Category Archives: fine art techniques

Printmaking and the Imaginal Realm

In this post I am sharing recent printmaking work inspired by personal explorations into what Carl Jung called the “imaginal realm”. 

A very short story

In 2009, before I moved away from the east coast, I viewed a show at the Rubin Museum of Art in New York City. The show featured “The Red Book” by Carl Jung, which had never been available for exhibition before. I had read much of Jung’s work over the years and jumped on the train for a chance to see it. https://en.wikipedia.org/wiki/The_Red_Book_(Jung)

I spent all the time that I could to study the pages of art which Jung had created from his own explorations of his personal imaginal realm. Without going into this topic too much, it is a way of restraining the conscious mind so that images from the “collective unconscious” may by explored.

The Treasure

For an artist, this imaginal realm is a treasure of endless images to work with! Many techniques can be used to make this exploration; among them are forms of meditation, shamanism and dream work. An abundance of information on this topic is online already, so no need to elaborate on that.  

I am sharing a recent work from my personal explorations into this realm, the most recent one shown here is called “The Queen of the Nagas”. This archetype appears on and off in my dream world. And I felt the need to give her image a boost into this ordinary world by means of a technique called a “collagraph”. This is a way of creating textured images and, by using inks of various viscosity, it is possible to build-up multiple colors onto one plate.

Queen of the Nagas, Kathleen Thoma, collagraph, linocut, chine College 14.75x11 in

Queen of the Nagas, Kathleen Thoma, collagraph, linocut, chine colle, 14.75×11 in

What is a Naga?

They are mythic Buddhist serpent people who have great powers, guard inner treasures, and you definitely want to stay on their good side according to the myths. As protecting nature spirits, they don’t like people polluting their rivers, streams or oceans. They bring rain, wealth, and fertility when honored. I imagine they are not very happy with humans these days. The link shows more information about Nagas and their myths world wide. https://www.newworldencyclopedia.org/entry/naga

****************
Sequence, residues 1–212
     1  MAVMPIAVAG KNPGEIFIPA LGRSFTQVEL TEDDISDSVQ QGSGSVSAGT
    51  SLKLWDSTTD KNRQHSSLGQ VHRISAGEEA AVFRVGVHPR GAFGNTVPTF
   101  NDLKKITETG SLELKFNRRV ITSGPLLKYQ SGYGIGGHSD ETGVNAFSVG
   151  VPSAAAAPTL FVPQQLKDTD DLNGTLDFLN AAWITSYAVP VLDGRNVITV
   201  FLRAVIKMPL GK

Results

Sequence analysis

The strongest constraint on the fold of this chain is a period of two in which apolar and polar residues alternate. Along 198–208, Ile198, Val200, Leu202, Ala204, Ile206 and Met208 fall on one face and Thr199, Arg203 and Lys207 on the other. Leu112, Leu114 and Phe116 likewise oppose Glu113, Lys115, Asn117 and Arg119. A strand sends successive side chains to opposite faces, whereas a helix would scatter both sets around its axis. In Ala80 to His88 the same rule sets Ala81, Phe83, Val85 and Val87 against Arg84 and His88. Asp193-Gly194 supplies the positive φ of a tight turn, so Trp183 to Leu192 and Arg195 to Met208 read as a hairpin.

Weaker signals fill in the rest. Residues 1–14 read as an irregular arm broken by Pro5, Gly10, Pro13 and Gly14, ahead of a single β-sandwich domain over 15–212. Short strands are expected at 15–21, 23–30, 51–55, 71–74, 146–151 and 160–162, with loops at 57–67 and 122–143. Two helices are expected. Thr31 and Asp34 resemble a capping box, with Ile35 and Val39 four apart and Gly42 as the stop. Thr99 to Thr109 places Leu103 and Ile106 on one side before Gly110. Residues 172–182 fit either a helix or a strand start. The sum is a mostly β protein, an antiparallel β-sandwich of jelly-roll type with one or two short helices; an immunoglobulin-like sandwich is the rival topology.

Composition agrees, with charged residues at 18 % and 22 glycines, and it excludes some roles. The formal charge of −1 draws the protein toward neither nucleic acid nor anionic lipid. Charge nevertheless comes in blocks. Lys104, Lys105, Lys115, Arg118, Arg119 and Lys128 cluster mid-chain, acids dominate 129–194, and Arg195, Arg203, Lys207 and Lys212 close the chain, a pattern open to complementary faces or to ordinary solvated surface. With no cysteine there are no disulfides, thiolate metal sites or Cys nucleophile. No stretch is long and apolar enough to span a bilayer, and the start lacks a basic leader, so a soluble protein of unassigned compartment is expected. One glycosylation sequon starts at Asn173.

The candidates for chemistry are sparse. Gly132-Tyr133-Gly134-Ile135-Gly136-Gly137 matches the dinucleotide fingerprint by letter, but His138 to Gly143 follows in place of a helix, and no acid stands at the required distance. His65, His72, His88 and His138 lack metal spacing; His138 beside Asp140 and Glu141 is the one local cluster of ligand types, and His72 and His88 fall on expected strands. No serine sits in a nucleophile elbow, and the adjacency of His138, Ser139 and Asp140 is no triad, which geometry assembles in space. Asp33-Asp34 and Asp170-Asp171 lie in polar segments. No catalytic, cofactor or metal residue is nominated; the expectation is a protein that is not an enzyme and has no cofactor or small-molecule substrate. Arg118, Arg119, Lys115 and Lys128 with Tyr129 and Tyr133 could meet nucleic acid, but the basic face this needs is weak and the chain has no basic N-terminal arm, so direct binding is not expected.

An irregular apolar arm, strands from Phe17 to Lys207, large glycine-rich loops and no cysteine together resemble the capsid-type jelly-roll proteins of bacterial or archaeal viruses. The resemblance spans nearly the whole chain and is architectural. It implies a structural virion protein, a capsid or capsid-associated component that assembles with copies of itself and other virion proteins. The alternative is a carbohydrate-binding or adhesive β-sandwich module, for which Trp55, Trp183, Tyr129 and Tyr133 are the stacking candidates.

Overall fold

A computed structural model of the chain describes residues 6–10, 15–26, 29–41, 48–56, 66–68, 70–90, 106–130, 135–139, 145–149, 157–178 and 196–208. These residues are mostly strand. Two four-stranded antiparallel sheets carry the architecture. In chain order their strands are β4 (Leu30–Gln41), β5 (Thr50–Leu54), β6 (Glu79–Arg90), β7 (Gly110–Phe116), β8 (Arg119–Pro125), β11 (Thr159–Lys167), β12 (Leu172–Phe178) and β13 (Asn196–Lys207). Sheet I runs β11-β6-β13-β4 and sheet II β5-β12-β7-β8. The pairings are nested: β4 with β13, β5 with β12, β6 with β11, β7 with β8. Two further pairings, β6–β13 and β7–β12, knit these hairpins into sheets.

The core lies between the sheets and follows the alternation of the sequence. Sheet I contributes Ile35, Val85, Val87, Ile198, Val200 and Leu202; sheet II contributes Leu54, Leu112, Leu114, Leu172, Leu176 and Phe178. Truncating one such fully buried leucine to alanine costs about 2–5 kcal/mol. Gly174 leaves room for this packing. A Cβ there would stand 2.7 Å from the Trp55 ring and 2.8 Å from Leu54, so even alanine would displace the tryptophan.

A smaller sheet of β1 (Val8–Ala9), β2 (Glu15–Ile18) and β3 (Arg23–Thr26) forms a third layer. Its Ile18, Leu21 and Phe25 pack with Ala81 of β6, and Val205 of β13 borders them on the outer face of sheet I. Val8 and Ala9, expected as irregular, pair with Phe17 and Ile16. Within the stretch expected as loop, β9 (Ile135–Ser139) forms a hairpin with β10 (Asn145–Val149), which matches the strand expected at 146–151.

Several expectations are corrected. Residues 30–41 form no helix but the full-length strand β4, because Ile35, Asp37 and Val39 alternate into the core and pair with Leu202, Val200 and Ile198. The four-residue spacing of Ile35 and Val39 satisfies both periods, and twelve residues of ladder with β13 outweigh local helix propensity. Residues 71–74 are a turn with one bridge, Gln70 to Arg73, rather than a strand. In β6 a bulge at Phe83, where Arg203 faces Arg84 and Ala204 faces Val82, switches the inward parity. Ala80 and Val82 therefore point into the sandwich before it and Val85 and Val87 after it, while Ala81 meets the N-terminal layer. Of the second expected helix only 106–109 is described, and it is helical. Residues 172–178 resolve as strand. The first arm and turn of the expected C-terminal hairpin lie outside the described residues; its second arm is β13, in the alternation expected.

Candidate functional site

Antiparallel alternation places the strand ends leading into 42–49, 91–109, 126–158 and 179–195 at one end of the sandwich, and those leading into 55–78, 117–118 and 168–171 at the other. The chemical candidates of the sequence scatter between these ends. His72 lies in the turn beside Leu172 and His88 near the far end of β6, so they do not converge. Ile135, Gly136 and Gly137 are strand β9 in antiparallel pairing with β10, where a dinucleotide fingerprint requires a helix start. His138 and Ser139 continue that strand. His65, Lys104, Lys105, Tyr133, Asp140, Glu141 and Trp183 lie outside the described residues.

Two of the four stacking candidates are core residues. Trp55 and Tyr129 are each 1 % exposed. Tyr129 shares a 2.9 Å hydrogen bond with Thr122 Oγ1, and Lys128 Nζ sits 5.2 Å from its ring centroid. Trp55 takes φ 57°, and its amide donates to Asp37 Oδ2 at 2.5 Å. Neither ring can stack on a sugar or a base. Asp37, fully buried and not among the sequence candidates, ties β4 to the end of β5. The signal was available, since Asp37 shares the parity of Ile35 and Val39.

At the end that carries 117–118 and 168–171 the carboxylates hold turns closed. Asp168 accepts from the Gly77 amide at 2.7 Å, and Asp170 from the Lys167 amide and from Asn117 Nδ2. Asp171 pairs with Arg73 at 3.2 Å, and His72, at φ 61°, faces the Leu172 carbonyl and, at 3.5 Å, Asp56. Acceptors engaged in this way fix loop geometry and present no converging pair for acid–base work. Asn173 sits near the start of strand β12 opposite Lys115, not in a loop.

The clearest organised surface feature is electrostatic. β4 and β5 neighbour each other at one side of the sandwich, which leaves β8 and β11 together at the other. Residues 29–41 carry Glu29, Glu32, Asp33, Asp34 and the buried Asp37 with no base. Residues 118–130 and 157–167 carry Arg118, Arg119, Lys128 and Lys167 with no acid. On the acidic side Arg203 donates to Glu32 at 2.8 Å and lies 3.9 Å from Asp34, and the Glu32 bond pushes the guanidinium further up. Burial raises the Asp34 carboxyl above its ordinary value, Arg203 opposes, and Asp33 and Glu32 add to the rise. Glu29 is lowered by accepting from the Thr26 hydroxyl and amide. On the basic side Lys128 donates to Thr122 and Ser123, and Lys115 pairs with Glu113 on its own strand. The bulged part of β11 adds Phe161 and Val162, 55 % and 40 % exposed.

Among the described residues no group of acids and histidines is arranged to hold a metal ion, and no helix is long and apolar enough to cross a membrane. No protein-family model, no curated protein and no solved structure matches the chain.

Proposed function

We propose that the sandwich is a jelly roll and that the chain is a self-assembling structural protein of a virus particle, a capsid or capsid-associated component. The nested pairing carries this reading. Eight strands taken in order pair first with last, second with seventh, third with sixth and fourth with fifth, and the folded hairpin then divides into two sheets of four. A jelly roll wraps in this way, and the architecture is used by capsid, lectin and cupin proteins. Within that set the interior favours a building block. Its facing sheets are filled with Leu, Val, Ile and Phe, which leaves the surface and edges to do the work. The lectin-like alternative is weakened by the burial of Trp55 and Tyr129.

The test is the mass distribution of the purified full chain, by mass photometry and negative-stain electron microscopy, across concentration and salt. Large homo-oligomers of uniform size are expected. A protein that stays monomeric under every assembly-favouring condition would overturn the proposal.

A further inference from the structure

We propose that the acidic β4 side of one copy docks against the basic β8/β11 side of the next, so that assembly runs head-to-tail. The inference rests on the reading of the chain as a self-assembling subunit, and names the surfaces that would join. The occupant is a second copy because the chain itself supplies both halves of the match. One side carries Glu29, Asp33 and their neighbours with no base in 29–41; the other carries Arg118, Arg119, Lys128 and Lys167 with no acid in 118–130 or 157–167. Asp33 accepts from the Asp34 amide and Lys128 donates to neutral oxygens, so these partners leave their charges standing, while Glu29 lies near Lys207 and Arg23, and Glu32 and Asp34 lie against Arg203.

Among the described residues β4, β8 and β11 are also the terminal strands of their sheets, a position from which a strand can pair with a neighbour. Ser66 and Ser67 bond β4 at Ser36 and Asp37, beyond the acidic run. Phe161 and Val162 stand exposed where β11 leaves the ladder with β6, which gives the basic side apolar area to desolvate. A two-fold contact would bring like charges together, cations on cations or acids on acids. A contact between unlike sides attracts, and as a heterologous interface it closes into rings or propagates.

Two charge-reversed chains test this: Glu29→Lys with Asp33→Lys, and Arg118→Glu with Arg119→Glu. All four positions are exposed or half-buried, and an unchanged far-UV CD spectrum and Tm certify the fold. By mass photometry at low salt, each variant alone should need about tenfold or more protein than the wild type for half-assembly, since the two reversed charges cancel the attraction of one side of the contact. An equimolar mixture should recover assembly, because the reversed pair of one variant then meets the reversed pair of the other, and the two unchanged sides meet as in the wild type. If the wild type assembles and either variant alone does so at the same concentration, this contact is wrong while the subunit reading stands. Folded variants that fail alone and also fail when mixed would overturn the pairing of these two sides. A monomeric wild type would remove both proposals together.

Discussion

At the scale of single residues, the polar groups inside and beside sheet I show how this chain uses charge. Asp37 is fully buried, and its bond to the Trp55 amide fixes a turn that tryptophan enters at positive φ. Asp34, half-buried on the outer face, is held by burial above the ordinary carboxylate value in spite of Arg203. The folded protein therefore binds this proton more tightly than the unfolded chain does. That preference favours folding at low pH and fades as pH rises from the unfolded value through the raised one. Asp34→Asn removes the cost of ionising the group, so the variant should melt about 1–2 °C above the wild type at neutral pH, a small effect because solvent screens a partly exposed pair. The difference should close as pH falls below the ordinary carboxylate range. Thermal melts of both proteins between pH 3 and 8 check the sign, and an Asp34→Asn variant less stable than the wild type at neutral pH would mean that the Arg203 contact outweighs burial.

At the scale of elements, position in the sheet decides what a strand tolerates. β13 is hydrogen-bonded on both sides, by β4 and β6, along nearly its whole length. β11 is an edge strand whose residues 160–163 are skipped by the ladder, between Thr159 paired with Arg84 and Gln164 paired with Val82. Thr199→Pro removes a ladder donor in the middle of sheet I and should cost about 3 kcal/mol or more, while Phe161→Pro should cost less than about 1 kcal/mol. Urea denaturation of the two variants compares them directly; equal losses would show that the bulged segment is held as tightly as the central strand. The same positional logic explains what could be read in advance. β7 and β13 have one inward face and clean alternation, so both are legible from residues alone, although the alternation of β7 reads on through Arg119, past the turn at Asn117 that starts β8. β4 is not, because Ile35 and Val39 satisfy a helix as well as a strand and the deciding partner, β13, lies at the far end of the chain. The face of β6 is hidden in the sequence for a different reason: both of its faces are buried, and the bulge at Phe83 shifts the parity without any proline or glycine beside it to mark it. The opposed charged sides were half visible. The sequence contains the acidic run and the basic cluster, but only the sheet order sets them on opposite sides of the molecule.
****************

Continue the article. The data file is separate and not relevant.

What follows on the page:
In terms of artistic explorations with printmaking this image took me some time to work out. But I enjoyed it very much. I have been creating a number of images symbolically related to climate change recently, so this is one more. I used several printmaking techniques, as indicated in the caption. 

What is a Monotype?

Tropical Desires, Kathleen Thoma Art, 11x14 monotype

Tropical Desires,
Kathleen Thoma
Monotype,
11×14 inches

What is a Monotype? People often ask me this question, so it seemed to me be a good idea write about it. A monotype is a specific art technique. It doesn’t resemble other traditional printmaking methods such as engraved, relief carved, etching or lithographed prints which can produce exact, repeated copies. “Mono” means one, “Type” means print, so they are one-of-a-kind unique prints.

There is a long fine art tradition of monotype printing that most are unaware of, Edgar Degas, Camille Pissarro, Paul Gauguin, Marc Chagall, William Blake and Henri Matisse all created monotype prints. However, these monotype works were often less well known.

Technically, a monotype is a simple form of printmaking. It begins with applying ink or paint onto a metal, glass or plexi-glass plate, manipulated with brushes or other tools; then pressure is applied, through the artist’s hand or through the press. (more…)

Print is ready to pull off the plate

Demontration/monotypes with hand-cut stencils

This is a series of photos demonstrating

the process of creating a monotype using hand-cut stencils.

Kathleen Thoma creating a monotype in her studio

First I start with my palette of colors. Choosing color depends on my mood or the idea I have in my head. Then I cut out my stencils using flexible, soft sheets of plastic, like cut-up plastic file folders.

Hand cut stencils

I use a piece of plexiglass or glass for my plate.  I apply thin layers of ink or paint onto the plate, playing with layers of stencils until I have what seems to be a good starting layer to put through the press. This decision is often a guess based on experience. What is fun about monotype printing is that you never have complete control over the final outcome. This can also be frustrating of course. Sometimes you don’t like the print, so you have to wipe it off and start over. (more…)